Trip to technology’s mañana expands possibilities

My first stop once we hit San Francisco — and before the round of appointments started — was a look at CompUSA — a deluge of delights and so cheap; we ran out of time and I escaped with the credit card intact.

Day 1 of the visit started with a trip to Silicon Valley (San Jose) for our first meeting with Cisco executive briefing centre (EBC) where they had an Aussie flag flying for us.

We met Sandhya Ashok, EBC specialist, and Dylan Morison (business development manager, storage networking) who took us on a tour of the EBC centre, which covered human advances in technology over the last century, from the humble paper clip and Henry Ford’s Model T to the birth of the Internet.

We discussed the convergence of data, voice and video and Cisco’s growing market share. Then it was a tour of Cisco’s Internet Home, which was a great opportunity to see some of the advances that Cisco has made with its current technologies. The Cisco I home incorporates the possible application of Cisco’s technologies within the home, the airport, hotels, coffee shops and even at school.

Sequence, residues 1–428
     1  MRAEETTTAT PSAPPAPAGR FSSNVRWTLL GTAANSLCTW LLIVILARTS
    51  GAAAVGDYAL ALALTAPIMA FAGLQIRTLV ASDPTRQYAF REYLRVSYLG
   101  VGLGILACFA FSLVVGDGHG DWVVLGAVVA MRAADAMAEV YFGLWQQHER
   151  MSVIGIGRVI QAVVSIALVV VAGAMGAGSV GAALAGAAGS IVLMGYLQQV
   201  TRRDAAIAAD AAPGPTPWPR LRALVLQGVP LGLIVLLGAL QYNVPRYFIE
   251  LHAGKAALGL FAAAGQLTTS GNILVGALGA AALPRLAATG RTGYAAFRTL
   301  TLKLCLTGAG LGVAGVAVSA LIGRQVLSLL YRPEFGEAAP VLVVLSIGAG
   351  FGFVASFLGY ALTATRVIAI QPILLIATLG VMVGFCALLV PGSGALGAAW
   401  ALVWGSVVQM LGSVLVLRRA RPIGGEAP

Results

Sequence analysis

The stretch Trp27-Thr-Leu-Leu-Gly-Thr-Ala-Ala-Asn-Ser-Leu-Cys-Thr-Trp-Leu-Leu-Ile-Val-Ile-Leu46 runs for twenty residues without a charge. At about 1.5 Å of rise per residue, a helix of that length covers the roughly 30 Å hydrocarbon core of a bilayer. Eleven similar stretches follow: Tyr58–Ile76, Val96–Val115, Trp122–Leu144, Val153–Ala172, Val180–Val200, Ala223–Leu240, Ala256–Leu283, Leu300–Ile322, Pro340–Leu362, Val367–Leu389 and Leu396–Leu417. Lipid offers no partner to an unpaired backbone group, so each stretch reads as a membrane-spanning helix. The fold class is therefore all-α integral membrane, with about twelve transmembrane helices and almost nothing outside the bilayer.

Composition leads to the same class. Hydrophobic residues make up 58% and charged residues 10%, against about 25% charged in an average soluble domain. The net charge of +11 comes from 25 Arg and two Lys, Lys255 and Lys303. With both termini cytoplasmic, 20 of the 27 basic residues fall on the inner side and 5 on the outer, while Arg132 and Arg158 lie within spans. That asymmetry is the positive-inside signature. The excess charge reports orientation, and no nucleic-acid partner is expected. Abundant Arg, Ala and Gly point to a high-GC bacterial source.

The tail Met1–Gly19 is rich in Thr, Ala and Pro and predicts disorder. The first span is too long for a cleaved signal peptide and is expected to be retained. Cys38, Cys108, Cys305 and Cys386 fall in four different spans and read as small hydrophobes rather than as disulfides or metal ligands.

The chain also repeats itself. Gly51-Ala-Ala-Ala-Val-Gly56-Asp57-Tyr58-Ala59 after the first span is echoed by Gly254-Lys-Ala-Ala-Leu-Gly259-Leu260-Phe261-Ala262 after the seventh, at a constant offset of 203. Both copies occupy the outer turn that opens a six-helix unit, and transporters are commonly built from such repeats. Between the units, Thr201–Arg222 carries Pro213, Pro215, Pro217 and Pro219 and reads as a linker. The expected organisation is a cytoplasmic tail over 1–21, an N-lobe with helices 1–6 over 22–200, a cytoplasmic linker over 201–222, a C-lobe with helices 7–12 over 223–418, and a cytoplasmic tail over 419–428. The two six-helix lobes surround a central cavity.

Who ever thought you could leverage your Cisco phone to bill time to a client, or to complete due diligence between two areas of a law firm that should be separated from contact with each other. And with what they can do with technology and school, I’m kinda glad I’ve finished all my tertiary studies.

Then we had a brief rundown on what Cisco and EMC are working on together, and the certification of the new Cisco MPS range against EMC storage products.

Day 2 and it’s Seattle to meet with EMC’s Gary Grant, director of Microsoft strategic alliance, and Bill Gauthier, Microsoft global alliance manager, and then with Thomas Kearney, global alliance manager for EMC. We moved on to the Microsoft partner briefing centre, which houses more than 22 labs, containing some 500-plus servers and 20TB of storage. Then it was on to the Microsoft Home of the Future: what a trip this was! Microsoft has redesigned this home from its initial conception of the Internet home. It has learnt many valuable lessons from this home and many of these ideas are either around today or are coming up.

We looked at everything from the common doorbell. No key in this place, just let it scan your retina and use your smartcard and it unlocks the door.

Upon entering the house you can set a profile such as opening the blinds or turning on the last piece of music you played. Then through to the lounge room, obviously the focus point for the room is the TV, with two remotes, one for the kids (cut down and coloured) and the one for us real techos. The telly’s OS was built on an XP platform, but with a change to the common interface.

Microsoft also talked about the use of smart tags; we placed some flour on the kitchen top and a mixing machine. The ‘house’ asked if we wanted help with this. If we said yes, up came some options as to what we could cook. Depending on what you selected it would then give you a recipe!